Further improving the overall experience is the proprietary Google Stadia controller, which was predominantly made in Waterloo, Ontario. The controller links up to your Wi-Fi network for a more solid and reliable connection, which helps reduce input lag. That said, latency issues still occasionally arise, which is a problem for a fighting game like Mortal Kombat 11 or fast-paced online shooter like Destiny 2.
Even better, the controller itself is absolutely great to use. For comparison, it looks and feels quite similar to Microsoft’s excellent Xbox One controller, replete with a proper D-pad, bumpers, concave triggers and smooth analogue sticks. The controller also sports a capture button, built-in mic and Google Assistant functionality to search the web for help with your game. Third-party HID-complaint controllers like the PlayStation 4’s DualShock 4 or Microsoft’s Xbox One can also be used.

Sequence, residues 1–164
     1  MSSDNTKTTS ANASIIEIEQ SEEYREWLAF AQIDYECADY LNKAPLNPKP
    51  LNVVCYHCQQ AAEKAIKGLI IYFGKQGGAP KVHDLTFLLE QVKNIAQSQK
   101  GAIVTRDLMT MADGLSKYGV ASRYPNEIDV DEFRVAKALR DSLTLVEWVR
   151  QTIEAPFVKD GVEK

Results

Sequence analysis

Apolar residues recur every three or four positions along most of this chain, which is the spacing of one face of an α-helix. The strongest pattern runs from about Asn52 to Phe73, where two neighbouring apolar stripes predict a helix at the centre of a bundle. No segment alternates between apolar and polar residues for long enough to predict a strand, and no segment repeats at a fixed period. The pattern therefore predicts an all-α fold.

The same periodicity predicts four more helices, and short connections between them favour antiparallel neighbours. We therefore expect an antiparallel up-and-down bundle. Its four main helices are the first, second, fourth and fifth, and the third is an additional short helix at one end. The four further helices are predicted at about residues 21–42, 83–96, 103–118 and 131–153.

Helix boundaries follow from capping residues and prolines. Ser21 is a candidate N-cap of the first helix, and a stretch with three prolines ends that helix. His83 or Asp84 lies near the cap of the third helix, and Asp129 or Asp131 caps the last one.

A solid foundation, but lacking much to surround it
Stadia’s lacklustre lineup is made worse when you consider that Stadia is missing many of the following features:
In a recent Reddit AMA, Google revealed that the following Stadia features won’t actually be ready for launch:
Buddy pass — Each Stadia Founders Edition comes with a three-month subscription that can be gifted to a friend. However, Google says these won’t be sent to customers until about two weeks after they receive their bundle.
Existing Chromecast Ultra support — Only Chromecast Ultras that ship with Stadia controllers will have the firmware required to stream games. Google says existing Chromecast Ultra units will receive the necessary over-the-air update “soon after launch.”